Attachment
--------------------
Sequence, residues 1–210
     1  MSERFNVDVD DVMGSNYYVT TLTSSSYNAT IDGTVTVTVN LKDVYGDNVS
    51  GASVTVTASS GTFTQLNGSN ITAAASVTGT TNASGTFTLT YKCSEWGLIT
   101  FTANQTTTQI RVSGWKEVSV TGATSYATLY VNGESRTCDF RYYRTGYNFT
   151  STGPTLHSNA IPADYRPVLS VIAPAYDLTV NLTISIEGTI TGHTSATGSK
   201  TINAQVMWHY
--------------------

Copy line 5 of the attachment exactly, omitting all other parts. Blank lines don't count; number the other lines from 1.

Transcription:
   151  STGPTLHSNA IPADYRPVLS VIAPAYDLTV NLTISIEGTI TGHTSATGSK